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Sunday 26th June 2016 Need to encode Symfony 2?

Do you need to encode your Symfony 2 project? Please find an article on our website we published about it. 

Posted on June 26th 2016 at 09:50am by Alex
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Labels: symfony

Saturday 25th January 2014 Spotlight on Symfony

Next up in our framework review is the ever-popular Symfony, which is now well into its second stable version (2.4.1, released in early January of this year). Symfony2 captured a 10.62% share of the developers polled on Sitepoint at the end of 2013, making it the third-most popular framework among the responding PHP developers. It has achieved this placement with good reason, as it's widely used across the web, providing a mixture of robust community support and feature-rich libraries.
 
The brainchild of the same developers who founded the French web design and development agency SensioLabs even before beginning to develop Symfony, Symfony begins with an excellent base to expand upon. As we discussed in a recent post, SensioLabs has even gone so far as to acquire venture capital, with the main purpose of the funding being the expansion and support of Symfony for development projects around the world. The $7 million USD provided by CM-CIC Private Capital will go quite a long ways when it comes to setting up the resources required to support and encourage the adoption of Symfony, so expect this framework to be growing rapidly all around the world in the months and years to come - it seems to be the only PHP framework with corporate sponsorship.
 
This level of commitment has created an excellent community of active developers who are working with Symfony, further reinforcing its usability. Even major corporations have signed on to use Symfony for their development projects, including the search engine Yahoo! and web video giant Dailymotion, not to mention phpBB, the most widely-used PHP-based forum service on the web, and the open-source PHP CMS Drupal.

One of the major strengths of Symfony is it's modular nature, which allows for a greater degree of flexibility when it comes to development, as it is itself modular from the ground up. In short, it plays well with almost any other standard component of PHP that you're comfortable using in your development process. It's arguably the most feature-rich framework that we've looked at so far, but that comes with a bit of a downside when it comes to bloat. Even the developers who voted it up so high in the standings at Sitepoint were the first to admit that it lagged well behind others when it came to performance metrics, which should be a concern for many developers looking for a slightly more robust framework.

Posted on January 25th 2014 at 12:44am
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Saturday 14th December 2013 Symfony Gets Boost from SensioLabs Funding

Most PHP programmers are familiar with the value of using frameworks in their coding projects. As a result, there are now quite a number to choose from, but one of the most popular and widespread is the open source PHP framework Symfony. While the project is open source, it was originally developed way back in 2005 by a team led by Fabien Potencier that formed a startup in France last year, SensioLabs. This same firm recently completed a round of financing from venture capital firm CM-CIC Private Capital, to the tune of $7 million USD.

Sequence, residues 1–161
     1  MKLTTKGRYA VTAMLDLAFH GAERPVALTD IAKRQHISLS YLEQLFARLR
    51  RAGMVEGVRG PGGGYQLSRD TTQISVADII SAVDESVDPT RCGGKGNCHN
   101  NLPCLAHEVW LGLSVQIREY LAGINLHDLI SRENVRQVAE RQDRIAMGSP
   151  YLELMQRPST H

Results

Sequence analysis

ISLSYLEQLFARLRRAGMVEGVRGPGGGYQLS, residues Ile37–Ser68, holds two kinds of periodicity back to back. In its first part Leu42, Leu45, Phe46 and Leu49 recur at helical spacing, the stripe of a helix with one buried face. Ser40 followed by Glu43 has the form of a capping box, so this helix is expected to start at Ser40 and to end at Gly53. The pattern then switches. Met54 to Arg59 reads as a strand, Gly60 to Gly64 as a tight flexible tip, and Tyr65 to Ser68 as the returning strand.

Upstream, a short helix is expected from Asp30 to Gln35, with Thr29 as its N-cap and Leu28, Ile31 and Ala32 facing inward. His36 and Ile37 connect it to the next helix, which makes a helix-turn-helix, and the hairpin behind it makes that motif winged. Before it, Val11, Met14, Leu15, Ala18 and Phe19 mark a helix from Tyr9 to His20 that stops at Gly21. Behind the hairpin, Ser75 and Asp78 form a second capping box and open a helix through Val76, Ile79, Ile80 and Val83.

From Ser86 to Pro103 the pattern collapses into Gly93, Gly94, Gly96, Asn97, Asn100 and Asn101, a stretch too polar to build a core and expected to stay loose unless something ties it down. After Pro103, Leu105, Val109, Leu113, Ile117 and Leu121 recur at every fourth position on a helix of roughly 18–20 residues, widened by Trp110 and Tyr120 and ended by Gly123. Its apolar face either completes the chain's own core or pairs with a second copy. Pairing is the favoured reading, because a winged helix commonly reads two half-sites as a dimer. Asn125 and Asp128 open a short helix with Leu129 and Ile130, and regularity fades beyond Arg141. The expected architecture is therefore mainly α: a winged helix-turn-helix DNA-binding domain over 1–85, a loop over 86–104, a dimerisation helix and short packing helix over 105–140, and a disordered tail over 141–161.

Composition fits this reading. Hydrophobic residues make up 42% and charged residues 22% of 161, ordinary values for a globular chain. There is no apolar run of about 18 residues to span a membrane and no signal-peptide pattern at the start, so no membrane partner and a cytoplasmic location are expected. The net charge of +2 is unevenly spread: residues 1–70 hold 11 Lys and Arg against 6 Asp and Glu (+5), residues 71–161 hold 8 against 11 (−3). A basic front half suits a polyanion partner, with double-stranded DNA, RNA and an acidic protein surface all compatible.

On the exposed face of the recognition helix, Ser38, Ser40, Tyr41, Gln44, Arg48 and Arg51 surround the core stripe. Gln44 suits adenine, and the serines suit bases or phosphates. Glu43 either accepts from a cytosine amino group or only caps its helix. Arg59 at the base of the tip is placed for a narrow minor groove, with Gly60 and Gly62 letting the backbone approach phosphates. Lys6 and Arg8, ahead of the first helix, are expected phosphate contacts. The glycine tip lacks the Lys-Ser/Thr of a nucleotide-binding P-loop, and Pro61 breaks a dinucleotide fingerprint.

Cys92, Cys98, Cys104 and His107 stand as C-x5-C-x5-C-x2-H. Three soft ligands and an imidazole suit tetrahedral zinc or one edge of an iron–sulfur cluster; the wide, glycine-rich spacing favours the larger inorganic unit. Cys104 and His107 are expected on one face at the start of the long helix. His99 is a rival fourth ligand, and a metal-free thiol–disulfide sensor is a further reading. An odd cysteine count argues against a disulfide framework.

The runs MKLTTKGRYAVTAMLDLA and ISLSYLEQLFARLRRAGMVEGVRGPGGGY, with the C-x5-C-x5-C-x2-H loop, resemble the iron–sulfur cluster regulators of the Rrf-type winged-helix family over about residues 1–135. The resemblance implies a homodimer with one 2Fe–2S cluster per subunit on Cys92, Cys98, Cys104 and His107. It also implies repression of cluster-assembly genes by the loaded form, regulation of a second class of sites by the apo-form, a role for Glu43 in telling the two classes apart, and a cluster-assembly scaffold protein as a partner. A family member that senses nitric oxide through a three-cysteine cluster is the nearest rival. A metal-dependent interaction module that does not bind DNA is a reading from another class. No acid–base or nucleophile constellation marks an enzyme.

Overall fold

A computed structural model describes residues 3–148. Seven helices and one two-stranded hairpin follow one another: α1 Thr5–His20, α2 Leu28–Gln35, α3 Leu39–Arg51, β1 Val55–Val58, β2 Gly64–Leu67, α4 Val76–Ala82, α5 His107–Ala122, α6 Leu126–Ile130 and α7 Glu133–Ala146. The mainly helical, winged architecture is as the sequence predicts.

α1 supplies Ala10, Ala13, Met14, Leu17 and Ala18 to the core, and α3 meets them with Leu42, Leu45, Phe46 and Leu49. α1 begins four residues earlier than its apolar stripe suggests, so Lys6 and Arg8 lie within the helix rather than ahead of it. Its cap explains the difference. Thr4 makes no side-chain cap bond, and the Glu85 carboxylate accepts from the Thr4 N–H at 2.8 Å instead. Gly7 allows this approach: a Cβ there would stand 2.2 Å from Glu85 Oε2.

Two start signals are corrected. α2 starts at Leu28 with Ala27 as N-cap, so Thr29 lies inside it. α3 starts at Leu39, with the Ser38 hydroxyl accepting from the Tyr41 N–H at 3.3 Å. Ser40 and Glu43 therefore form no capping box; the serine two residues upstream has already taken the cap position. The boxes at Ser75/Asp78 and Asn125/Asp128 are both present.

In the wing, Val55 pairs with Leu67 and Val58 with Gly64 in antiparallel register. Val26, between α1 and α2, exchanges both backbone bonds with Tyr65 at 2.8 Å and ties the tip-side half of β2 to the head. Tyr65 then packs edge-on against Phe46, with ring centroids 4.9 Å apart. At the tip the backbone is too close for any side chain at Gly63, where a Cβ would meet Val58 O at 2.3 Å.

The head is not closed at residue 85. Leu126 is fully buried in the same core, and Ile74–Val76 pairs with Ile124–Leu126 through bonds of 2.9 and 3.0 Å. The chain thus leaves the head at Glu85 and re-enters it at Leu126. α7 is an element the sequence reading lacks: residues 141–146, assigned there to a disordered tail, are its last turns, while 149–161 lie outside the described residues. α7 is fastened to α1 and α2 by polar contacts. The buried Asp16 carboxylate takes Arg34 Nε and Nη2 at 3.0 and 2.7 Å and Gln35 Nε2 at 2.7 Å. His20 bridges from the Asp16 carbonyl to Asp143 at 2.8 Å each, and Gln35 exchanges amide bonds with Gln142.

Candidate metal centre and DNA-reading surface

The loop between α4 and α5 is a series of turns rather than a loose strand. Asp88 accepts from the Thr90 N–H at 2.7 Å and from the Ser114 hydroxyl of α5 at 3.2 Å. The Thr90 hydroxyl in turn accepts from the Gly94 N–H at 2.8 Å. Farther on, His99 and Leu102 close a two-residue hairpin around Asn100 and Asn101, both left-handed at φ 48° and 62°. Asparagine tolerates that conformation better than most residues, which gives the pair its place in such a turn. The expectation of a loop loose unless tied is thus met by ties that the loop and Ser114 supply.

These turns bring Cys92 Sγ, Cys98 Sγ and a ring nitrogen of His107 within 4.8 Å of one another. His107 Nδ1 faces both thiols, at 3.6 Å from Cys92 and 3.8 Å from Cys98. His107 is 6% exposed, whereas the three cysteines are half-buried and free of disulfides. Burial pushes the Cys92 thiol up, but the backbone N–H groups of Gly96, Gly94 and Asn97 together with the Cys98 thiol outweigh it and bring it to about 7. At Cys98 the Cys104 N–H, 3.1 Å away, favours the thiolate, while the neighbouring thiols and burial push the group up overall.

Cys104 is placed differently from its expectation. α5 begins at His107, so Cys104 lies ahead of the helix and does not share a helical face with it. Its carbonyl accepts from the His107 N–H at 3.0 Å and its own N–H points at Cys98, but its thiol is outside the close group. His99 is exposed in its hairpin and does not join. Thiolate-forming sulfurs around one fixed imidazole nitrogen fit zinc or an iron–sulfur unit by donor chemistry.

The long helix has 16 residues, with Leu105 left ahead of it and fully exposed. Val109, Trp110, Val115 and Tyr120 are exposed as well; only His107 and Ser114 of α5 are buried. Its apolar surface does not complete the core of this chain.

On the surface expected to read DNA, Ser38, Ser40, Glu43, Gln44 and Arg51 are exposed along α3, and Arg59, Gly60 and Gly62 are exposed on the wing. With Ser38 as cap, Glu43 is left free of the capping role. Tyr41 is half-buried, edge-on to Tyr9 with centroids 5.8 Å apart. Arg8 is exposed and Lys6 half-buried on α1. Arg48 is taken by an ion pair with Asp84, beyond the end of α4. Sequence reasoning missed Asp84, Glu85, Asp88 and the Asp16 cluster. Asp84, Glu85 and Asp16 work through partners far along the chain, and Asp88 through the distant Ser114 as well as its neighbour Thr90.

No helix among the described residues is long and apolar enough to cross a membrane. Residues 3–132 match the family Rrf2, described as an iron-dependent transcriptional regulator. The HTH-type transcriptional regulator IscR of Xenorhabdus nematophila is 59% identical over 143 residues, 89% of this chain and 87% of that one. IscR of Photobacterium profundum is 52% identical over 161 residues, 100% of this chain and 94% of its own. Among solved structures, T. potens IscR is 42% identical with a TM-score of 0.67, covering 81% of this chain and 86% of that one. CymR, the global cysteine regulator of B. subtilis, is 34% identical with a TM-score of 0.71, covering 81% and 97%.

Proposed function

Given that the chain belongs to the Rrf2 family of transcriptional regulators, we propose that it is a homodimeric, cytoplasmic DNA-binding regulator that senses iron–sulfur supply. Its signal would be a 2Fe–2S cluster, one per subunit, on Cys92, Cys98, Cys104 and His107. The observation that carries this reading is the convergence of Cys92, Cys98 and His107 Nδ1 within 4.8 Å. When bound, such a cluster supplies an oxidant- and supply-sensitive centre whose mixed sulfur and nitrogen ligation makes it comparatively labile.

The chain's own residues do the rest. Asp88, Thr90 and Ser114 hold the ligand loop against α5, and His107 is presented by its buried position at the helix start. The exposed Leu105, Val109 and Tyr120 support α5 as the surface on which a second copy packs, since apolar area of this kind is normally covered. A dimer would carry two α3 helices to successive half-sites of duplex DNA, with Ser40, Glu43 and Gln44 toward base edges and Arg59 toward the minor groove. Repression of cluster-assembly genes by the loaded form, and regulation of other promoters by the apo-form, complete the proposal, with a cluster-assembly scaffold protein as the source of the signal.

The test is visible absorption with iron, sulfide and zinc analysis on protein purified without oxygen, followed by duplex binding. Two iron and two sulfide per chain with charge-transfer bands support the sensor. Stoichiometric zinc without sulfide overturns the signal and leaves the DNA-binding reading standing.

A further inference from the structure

SensioLabs founders Fabien Potencier and Gregory Pascal have announced several upcoming projects, one of the most exciting of which is SensioLabsInsight, which hopes to measure the quality of PHP code within a given application. Originally launched as a beta in October of this year, and still only available to private beta testers, it no doubt helped to secure the round of funding they received. The main goal of the startup, however, is to provide support for developers and companies that implement the Symfony framework in their applications, with the intent of fostering more widespread adoption.
 
This is an ongoing challenge, of course, as despite the fact that PHP is the most common programming language on the Internet, there are a growing number of detractors who advocate the use of other competing languages such as Python and Ruby on Rails. However, thanks to the widespread success of Symfony, the community that's grown up behind the framework released a more recent updated version in 2011, Symfony2, to even more widespread acceptance.
 
This level of continued support for the framework should make it even more enticing to companies who are searching for a robust, well-established framework. Yahoo was one of the first major companies to embrace the original Symfony framework, and since then, TOEFL, Virgin Mobile, and the French government (among many others) have all implemented Symfony in some way, and no doubt many more big names will sign on as a result of these events.

Posted on December 14th 2013 at 09:13pm
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